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Women who are pregnant should make sure they don’t have anemia. A new study has discovered that having anemia while pregnant increases the risk of dying during the pregnancy or shortly after giving birth. Anemia is estimated to affect 32 million pregnant women worldwide and especially those in low and middle-income countries. These women are at higher risk of anemia due to a lack of iron in their diet, nutritional deficiencies, inherited blood disorders, and because of infections such as malaria and HIV.
Unfortunately, anemia is a widespread medical problem and researchers have discovered that women with severe anemia during their pregnancy, or who have anemia in the week after delivery, are at a higher risk of dying. This is terrible because anemia is easily treated and now researchers are trying to raise awareness about the problem as these types of maternal deaths are easily preventable. Strategies for preventing anemia in pregnancy include providing iron tablets, encouraging women to eat foods fortified with iron, and improving access to antenatal care.
What Is the Risk of Developing Anemia During Pregnancy?
If you are pregnant, then it is possible that you could develop anemia which is a condition where your blood doesn’t have sufficient red blood cells to carry oxygen around your body and to your growing baby. When you are pregnant, your body must produce more blood to help your baby grow, but if you don’t have sufficient iron or specific other nutrients, your body may be unable to produce the red blood cells needed to make the additional blood.
Lots of women may have mild anemia while pregnant, but if you have severe anemia, then it can leave you feeling tired, washed out and fatigued. Without the proper treatment, anemia could leave you at risk of developing complications that include a premature birth. The different types of anemia that may develop during pregnancy can be due to vitamin B12 deficiency or to a folate deficiency because of being low in iron.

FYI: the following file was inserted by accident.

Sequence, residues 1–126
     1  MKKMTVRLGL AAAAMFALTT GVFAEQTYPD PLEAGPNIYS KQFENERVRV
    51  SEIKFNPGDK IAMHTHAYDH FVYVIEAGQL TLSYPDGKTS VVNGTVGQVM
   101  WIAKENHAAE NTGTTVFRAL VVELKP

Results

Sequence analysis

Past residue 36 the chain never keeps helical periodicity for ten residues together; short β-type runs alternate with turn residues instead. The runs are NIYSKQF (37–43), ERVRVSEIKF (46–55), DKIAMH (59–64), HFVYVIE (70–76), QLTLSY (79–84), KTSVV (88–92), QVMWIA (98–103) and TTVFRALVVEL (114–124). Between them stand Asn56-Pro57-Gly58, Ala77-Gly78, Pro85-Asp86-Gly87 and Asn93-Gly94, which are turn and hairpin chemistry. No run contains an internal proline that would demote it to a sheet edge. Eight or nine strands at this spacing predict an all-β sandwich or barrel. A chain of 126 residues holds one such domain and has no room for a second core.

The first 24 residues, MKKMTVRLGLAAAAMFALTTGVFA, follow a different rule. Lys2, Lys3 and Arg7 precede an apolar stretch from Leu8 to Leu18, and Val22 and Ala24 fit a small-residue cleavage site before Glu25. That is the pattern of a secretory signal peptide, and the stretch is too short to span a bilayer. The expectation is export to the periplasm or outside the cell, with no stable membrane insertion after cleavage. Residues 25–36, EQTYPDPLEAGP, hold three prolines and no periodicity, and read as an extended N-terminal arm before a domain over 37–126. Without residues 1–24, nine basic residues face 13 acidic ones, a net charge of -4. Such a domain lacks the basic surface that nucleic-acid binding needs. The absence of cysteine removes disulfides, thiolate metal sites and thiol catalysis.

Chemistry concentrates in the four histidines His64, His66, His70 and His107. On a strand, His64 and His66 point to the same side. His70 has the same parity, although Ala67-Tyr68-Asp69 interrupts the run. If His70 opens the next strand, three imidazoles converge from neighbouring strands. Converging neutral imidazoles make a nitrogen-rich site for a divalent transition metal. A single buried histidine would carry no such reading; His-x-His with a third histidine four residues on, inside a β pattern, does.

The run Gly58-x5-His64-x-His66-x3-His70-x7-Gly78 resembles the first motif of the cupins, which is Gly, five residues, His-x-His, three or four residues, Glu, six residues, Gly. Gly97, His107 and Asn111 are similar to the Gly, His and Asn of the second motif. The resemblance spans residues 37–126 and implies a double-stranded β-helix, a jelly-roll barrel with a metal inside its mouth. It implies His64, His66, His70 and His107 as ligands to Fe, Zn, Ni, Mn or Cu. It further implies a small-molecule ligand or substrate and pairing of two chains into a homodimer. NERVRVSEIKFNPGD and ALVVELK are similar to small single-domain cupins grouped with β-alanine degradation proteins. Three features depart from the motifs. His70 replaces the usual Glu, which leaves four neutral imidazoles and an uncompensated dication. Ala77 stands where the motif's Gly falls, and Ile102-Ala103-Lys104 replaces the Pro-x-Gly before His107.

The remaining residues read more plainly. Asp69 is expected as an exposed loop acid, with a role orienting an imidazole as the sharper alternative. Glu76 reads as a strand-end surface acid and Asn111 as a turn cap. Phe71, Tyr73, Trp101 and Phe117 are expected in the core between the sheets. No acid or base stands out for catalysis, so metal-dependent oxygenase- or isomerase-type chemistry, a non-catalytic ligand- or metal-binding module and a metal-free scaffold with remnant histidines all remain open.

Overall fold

When you are low in iron, your body is unable to produce hemoglobin which is the protein found in red blood cells and which helps to carry oxygen from your lungs to the rest of your body. Being low in iron is the most common form of anemia during pregnancy. If you are folate deficient, then you probably haven’t been eating your greens!
Folate is found in leafy green vegetables and is needed so your body can produce new, healthy blood cells. When you are pregnant, you need more folate, and it isn’t always possible to get this from your diet. Typically, the problem is rectified by taking folic acid supplements. If you have a vitamin B12 deficiency, then you are more at risk of premature labor and the risk of congenital disabilities is higher. You can get vitamin B12 from eating meat and poultry, eggs and dairy products.
Who Is at a Higher Risk of Anemia in Pregnancy?
Women who are expecting twins or who are due to have a multiple birth are at higher risk, as are women who have two babies very close together. If you become pregnant as a teenager, then you are more vulnerable to developing anemia. The risk is also increased if you have morning sickness or if you have had anemia before.
Symptoms to Be Aware Of
Symptoms of anemia include tiredness, being short of breath or having a rapid heartbeat, having trouble concentrating, or feeling dizzy. You might also have very pale skin, nails or lips. Mild anemia may produce very few symptoms, or the symptoms may be confused with pregnancy. This is why it is essential for you or gynecologist to provide you with routine blood tests during your prenatal appointment.
Getting Treatment for Anemia
If your obstetrician does diagnose anemia, they might prescribe an iron or folic acid supplement which can be taken in addition to other vitamins prescribed during your pregnancy. Your doctor could also suggest adding certain foods to your diet that are rich in iron or which have been enriched to help improve your iron levels. Your doctor will carefully monitor your iron levels and can carry out regular blood tests to check your anemia is improving.
To help prevent anemia in pregnancy, make sure you eat plenty of iron-rich foods including cereals and grains, leafy veggies like broccoli and kale, nuts and seeds, and eggs. Also, try to eat sufficient poultry, lean red meats, and fish. Your doctor can provide more specific information as to which foods to include in your diet.